1. On 24 September 2012 Employment Judge Powell responded in a letter which set out Rule 34(3) and stated "It appears that d. & e. could have relevance to your case", set out the three requirements of the Ladd v Marshall [1954] EWCA Civ 1 test for new evidence, and asked for confirmation of his understanding of the 'serious irregularity' part of her request.
  1. On 1 October 2012 Miss Clarke responded with the extended application. The first six pages replicated the request of 7 September 2012 (and so dated it). There followed an addendum, dated 1 October 2012, which ran to 16 pages. Amongst many other matters this in particular: (1) responded to the Ladd v Marshall requirements; (2) made further submissions as to (a) the relevance of the Nursing Review to the question of the Trust's concerns in April 2009, and (b) the relevance of Employment Judge Ferris' March 2011 observations on the absence of an NMC referral to the Trust's subsequent explanation of its delay in the referral; (3) included a section headed, "Review on grounds of interests of justice"; (4) under a section headed "Burden of Proof", drew attention to the date error of 17 April/May and challenged the finding that the Trust did not have notice of the disclosures until 22 May.
  1. By letter dated 15 October 2012 the Tribunal stated that:

"Employment Judge R Powell, on consideration of the Claimant's extended application for a review has ordered that the application to allow a review is granted and accordingly the merits of the Claimant's application will be determined at a review hearing which will be listed to last for one day."

It is common ground that "extended application for a review" is a reference to Miss Clarke's document dated 1 October 2012 (and which included the first part dated 7 September 2012). In his letter to the EAT dated 12 May 2016 Employment Judge Powell stated:

"The extended application was before me when I made the order dated the 15th October 2012."

  1. Miss Clarke then sent further submissions to the Employment Tribunal by letters dated 18 October 2012, 22 October 2012, 14 November 2012 and a skeleton argument dated 12 February 2013. The letter of 18 October 2012 included further reference to the police visit to the hospital of 17 April 2009. A letter of 22 October 2012 supplied a further police document evidencing that visit, she also referred to the Trust's Tracy Jenkins telephoning her agency on 21 April 2009 to ask if it was she (Miss Clarke) who had made the disclosure. A letter dated 14 November 2012 included a further application to adduce new evidence of literature concerning the drug, Terlipressin, which had been prescribed to the patient and, she submitted, was consistent with variceal bleeding.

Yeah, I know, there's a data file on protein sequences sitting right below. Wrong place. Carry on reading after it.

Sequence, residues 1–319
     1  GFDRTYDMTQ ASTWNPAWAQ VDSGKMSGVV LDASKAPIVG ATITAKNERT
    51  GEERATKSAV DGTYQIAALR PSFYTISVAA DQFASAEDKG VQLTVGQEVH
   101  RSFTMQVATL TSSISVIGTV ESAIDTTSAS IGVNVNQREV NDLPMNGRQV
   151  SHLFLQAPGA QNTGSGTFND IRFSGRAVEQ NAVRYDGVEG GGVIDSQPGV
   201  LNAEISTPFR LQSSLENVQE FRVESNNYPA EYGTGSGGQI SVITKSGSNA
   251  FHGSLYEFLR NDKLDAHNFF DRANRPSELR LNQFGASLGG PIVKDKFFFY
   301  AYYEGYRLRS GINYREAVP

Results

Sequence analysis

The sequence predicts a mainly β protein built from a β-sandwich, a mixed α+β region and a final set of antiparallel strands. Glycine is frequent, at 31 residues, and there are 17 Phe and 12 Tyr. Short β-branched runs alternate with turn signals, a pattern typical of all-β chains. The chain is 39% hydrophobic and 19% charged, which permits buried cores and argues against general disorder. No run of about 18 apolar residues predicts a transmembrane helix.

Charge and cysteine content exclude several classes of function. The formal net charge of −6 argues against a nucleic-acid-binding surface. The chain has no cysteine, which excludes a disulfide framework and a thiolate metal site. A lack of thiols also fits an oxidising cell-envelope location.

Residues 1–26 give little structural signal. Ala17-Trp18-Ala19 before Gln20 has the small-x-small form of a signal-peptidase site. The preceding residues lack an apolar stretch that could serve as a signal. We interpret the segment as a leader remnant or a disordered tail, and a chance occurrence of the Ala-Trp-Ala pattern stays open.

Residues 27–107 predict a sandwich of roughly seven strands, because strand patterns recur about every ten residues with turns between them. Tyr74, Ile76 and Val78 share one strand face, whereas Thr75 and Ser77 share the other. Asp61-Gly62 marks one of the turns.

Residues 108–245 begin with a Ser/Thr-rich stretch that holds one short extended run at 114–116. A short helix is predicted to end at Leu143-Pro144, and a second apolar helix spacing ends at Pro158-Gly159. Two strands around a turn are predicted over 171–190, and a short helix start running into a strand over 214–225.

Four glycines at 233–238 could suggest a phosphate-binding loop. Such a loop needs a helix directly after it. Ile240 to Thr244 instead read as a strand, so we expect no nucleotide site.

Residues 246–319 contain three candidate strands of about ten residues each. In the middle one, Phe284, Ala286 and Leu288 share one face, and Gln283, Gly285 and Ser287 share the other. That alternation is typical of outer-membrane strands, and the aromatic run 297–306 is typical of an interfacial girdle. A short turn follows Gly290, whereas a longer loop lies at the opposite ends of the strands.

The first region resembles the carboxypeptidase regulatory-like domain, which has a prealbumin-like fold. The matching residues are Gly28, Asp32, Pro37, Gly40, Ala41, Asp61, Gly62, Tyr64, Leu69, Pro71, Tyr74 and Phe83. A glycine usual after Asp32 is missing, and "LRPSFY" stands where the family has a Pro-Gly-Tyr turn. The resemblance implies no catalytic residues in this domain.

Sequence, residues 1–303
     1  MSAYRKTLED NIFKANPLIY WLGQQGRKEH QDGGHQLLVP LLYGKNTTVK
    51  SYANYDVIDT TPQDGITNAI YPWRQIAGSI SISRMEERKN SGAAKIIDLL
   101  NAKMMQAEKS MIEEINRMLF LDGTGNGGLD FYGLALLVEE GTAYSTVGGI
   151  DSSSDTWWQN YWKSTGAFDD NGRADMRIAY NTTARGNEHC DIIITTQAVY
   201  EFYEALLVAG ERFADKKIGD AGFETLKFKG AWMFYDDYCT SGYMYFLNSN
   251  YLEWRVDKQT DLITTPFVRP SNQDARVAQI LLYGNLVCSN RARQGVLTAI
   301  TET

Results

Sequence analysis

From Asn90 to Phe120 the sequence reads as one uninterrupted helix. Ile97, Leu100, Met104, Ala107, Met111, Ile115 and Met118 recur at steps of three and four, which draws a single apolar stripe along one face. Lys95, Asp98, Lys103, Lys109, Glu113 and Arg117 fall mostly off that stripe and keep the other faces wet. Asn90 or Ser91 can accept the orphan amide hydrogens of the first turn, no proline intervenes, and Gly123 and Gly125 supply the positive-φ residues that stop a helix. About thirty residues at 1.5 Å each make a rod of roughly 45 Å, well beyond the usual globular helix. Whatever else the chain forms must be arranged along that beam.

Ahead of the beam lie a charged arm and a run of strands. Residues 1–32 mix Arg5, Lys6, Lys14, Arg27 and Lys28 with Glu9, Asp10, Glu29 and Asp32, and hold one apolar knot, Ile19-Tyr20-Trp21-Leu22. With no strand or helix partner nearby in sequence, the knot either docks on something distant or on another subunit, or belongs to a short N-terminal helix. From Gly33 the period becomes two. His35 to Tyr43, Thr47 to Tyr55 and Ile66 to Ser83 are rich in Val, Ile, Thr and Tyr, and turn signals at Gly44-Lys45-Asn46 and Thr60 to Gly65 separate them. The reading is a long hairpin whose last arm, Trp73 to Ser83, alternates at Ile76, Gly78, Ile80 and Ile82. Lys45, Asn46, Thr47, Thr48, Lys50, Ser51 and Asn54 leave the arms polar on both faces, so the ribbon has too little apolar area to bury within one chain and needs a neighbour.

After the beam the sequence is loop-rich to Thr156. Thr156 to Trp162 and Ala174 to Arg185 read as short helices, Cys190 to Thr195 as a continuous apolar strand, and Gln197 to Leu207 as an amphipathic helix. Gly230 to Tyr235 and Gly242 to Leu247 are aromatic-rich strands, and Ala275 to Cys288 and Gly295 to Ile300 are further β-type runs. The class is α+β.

1. Miss Clarke's skeleton argument, dated 12 February 2013, ran to 18 pages and included references to the inference to be drawn from the events of 17 April and 21 April 2009. Under, "New Evidence" she referred both to Ladd v Marshall and to "the interests of justice". The new evidence included the Nursing Review and the Terlipressin literature. As to the NMC referral, the observations of Employment Judge Ferris were noted again.
  1. By email of 19 February 2013 Miss Clarke enclosed a statement (dated 16 October 2012) from a police officer which attached her statement of 17 April 2009.
**Review Hearing**
  1. The Employment Judge's notes of the hearing were accidentally destroyed at some time between 2013 and 2016. Mr Fryer's notes are available. The combination of his notes and those taken by counsel, Mr Julian Allsop, suggests that at one point Miss Clarke indicated, in response to questions from the Employment Judge, that her representations were contained in her skeleton argument, the original 7 September 2012 application and the letter dated 18 October 2012. However, other passages record her stating that her complete case was contained in the skeleton argument and all the letters and documents sent by her to the Tribunal. The hearing was part heard to 28 March 2013.
**Review Decision**
  1. The Reserved Judgment was sent to the parties on 4 June 2013. In rejecting the application the Employment Tribunal, in particular, held that: 1) the new evidence (Miss Clarke's statement of 17 April 2009, the Nursing Review, the Terlipressin literature and a further document supplied by her after the hearing) did not meet any of the Ladd v Marshall criteria. As to the third requirement that new evidence will probably have an important influence on the result of the case, the Tribunal (amongst other matters) noted that Miss Clarke had not sought to appeal or review its conclusion that the 2009 detriments were time barred and that:

"12. Accordingly, those aspects of this review which related to acts or deliberate omissions prior to 2010 would not have lead to a materially different conclusion on liability unless they had a material influence on the tribunal's judgment on the conduct of the respondent's employees in 2010-11."

and (2) the reasoning behind the NMC's finding of no case to answer did not concern the merits of the Trust's allegations.

  1. In his response to the Employment Appeal Tribunal's questions Employment Judge Powell stated that,:

"3(iii) Based on the available notes, examination of the Review hearing documents retained by Mr Fryer and discussion with Mr Fryer, I and Mr Fryer have no recollection of the extended application being before the Employment Tribunal at the Review hearing.

3(iv) The Employment Tribunal did not consider the extended application document but elements of that application were contained within the Claimant's skeleton argument in the bundle presented at the Review Hearing."